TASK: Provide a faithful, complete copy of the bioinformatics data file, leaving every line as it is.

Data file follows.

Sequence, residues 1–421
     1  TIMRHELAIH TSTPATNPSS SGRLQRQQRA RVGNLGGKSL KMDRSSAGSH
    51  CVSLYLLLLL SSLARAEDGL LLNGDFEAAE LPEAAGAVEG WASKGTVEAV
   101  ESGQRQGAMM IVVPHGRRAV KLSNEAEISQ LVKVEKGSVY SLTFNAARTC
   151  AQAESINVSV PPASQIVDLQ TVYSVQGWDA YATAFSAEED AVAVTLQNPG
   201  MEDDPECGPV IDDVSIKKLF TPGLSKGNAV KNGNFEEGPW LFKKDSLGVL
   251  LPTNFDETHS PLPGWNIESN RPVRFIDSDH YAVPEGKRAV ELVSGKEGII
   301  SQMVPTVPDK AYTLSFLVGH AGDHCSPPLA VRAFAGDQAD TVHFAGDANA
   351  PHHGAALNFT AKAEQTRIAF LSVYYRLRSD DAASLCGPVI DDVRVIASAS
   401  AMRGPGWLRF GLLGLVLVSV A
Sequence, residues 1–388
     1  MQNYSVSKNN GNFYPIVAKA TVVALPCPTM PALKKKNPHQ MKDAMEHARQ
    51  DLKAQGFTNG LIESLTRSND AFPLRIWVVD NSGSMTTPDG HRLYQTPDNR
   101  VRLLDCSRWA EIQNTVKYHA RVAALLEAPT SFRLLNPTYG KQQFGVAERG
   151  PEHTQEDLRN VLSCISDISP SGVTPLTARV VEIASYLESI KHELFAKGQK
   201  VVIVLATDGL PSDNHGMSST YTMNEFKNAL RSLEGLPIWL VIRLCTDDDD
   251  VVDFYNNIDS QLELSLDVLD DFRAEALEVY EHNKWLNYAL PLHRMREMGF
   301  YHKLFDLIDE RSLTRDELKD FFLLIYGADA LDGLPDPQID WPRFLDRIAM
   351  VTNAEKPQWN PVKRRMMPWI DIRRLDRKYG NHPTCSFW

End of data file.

Sequence, residues 1–421
     1  TIMRHELAIH TSTPATNPSS SGRLQRQQRA RVGNLGGKSL KMDRSSAGSH
    51  CVSLYLLLLL SSLARAEDGL LLNGDFEAAE LPEAAGAVEG WASKGTVEAV
   101  ESGQRQGAMM IVVPHGRRAV KLSNEAEISQ LVKVEKGSVY SLTFNAARTC
   151  AQAESINVSV PPASQIVDLQ TVYSVQGWDA YATAFSAEED AVAVTLQNPG
   201  MEDDPECGPV IDDVSIKKLF TPGLSKGNAV KNGNFEEGPW LFKKDSLGVL
   251  LPTNFDETHS PLPGWNIESN RPVRFIDSDH YAVPEGKRAV ELVSGKEGII
   301  SQMVPTVPDK AYTLSFLVGH AGDHCSPPLA VRAFAGDQAD TVHFAGDANA
   351  PHHGAALNFT AKAEQTRIAF LSVYYRLRSD DAASLCGPVI DDVRVIASAS
   401  AMRGPGWLRF GLLGLVLVSV A
Sequence, residues 1–388
     1  MQNYSVSKNN GNFYPIVAKA TVVALPCPTM PALKKKNPHQ MKDAMEHARQ
    51  DLKAQGFTNG LIESLTRSND AFPLRIWVVD NSGSMTTPDG HRLYQTPDNR
   101  VRLLDCSRWA EIQNTVKYHA RVAALLEAPT SFRLLNPTYG KQQFGVAERG
   151  PEHTQEDLRN VLSCISDISP SGVTPLTARV VEIASYLESI KHELFAKGQK
   201  VVIVLATDGL PSDNHGMSST YTMNEFKNAL RSLEGLPIWL VIRLCTDDDD
   251  VVDFYNNIDS QLELSLDVLD DFRAEALEVY EHNKWLNYAL PLHRMREMGF
   301  YHKLFDLIDE RSLTRDELKD FFLLIYGADA LDGLPDPQID WPRFLDRIAM
   351  VTNAEKPQWN PVKRRMMPWI DIRRLDRKYG NHPTCSFW